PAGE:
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by William C. Trott
United Press International
April 15, 1988

Joni Mitchell's forte has always been creating a mood, taking listeners wafting through her world with her deeply personal lyrics, rarified vocals and floating arrangements.

On "Chalk Mark in a Rain Storm" she also plays storyteller with musical mini-dramas like "Dancin' Clown," "Snakes and Ladders" and "The Beat of Black Wings."

And she must have a ball casting the songs. Billy Idol and Tom Petty have singing roles on "Dancin' Clown," the story of two men in pursuit of a mysterious woman, and Willie Nelson helps out on her touching version of the Roy Rogers standard "Cool Water."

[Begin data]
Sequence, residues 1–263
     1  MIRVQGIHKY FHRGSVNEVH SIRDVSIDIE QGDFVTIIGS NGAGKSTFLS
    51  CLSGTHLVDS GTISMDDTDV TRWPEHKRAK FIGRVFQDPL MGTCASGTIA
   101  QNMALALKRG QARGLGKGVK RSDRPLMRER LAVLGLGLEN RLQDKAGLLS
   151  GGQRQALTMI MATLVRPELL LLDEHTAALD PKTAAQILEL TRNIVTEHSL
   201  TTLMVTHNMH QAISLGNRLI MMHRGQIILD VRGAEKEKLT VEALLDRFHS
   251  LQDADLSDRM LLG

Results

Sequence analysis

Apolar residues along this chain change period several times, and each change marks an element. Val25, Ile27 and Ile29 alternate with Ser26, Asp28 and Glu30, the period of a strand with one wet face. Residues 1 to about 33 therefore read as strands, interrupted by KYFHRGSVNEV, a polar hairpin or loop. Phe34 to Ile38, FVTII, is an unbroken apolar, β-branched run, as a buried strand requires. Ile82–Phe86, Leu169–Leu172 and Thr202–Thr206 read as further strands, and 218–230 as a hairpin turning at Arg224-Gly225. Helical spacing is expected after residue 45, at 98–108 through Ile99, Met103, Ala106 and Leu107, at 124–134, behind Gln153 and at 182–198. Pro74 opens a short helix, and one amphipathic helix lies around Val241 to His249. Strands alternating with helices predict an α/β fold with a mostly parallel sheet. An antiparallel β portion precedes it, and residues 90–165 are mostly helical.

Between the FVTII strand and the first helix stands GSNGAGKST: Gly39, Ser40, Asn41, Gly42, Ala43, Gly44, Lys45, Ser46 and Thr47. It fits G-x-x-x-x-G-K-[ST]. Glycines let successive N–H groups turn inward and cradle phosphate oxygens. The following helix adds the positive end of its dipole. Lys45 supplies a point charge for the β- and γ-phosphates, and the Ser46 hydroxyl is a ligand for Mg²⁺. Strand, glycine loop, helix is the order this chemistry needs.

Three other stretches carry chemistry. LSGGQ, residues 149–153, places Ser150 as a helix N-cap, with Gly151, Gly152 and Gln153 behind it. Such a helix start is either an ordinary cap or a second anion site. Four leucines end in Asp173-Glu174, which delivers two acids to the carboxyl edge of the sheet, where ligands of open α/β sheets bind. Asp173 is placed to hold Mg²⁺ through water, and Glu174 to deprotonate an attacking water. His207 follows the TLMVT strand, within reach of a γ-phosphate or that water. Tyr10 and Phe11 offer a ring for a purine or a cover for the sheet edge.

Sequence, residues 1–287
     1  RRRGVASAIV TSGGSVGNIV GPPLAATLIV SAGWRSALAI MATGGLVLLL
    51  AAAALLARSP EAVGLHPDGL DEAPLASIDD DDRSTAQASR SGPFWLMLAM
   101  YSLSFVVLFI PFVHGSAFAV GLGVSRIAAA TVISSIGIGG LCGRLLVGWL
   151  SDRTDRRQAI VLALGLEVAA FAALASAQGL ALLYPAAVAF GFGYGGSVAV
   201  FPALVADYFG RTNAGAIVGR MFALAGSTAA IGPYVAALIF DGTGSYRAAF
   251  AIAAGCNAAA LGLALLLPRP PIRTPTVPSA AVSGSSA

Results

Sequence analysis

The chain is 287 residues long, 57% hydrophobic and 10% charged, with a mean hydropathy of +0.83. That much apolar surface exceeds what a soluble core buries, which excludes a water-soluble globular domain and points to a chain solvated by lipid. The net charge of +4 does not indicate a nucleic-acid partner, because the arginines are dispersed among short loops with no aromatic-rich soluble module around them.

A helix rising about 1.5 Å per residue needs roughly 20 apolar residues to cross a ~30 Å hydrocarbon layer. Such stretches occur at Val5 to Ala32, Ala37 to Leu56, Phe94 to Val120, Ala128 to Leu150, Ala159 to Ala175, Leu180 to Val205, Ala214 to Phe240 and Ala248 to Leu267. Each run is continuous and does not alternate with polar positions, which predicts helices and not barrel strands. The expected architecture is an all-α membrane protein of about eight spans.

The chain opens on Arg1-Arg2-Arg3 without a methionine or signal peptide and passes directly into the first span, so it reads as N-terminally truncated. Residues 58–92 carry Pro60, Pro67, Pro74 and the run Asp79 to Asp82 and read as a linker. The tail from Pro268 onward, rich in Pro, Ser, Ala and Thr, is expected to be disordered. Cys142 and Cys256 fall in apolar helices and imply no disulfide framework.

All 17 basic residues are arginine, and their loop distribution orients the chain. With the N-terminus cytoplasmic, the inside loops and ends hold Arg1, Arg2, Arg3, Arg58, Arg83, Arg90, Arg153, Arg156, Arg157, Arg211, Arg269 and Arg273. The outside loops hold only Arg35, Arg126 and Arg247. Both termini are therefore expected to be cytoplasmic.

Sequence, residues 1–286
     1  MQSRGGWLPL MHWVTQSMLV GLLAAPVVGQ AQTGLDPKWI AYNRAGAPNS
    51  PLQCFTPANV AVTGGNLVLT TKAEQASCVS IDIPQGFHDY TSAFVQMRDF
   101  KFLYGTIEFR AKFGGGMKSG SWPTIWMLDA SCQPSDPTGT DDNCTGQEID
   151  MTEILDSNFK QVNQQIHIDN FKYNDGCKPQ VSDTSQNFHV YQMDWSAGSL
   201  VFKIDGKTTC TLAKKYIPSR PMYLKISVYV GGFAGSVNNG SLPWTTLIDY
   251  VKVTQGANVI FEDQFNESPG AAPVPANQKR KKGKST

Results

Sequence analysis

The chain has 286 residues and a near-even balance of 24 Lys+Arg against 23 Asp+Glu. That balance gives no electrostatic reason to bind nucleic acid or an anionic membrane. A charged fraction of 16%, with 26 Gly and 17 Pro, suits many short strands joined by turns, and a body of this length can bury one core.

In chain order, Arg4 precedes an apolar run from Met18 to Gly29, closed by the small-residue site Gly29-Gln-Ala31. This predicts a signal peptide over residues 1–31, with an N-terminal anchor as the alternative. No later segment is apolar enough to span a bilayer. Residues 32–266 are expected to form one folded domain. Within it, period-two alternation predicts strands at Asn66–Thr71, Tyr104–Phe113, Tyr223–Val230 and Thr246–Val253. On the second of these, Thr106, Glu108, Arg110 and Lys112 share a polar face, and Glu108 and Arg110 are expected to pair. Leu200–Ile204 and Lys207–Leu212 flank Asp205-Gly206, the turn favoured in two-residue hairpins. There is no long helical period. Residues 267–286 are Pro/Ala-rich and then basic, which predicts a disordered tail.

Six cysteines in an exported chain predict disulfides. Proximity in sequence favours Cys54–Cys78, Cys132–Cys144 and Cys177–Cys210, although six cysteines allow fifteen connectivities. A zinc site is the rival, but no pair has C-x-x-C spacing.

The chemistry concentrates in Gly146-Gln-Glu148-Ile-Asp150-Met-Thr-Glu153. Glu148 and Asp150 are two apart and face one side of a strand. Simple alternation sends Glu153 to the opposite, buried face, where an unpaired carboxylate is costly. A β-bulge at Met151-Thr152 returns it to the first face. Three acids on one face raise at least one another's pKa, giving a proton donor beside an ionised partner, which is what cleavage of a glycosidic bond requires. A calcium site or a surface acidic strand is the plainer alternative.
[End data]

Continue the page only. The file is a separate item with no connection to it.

"Chalk Mark" also features Mitchell's husband and co-producer Larry Klein, Peter Gabriel, Don Henley, Benjamin Orr from the Cars, former Prince sidewomen Wendy Melvoin and Lisa Coleman, Thomas Dolby, Wayne Shorter and Iron Eyes Cody, the teary-eyed Indian from the anti-litter commercials.

Lyrically, Mitchell is still artfully mixing her politics with her poetry. "Number One" examines yuppie ambition, "Lakota" pays homage to Indians and "The Tea Leaf Prophecy (Lay Down Your Arms)" has an anti-war theme. She pokes big holes in the advertising industry with "The Reoccurring Dream" with snippets from television commercials and lyrics like "Our discontent is their delight, they offer relief for the purchase price."

"Chalk Mark in a Rain Storm" is heavy on the electronics but it's a soothing synthesizer and it gives this album a sensation of flight.

 

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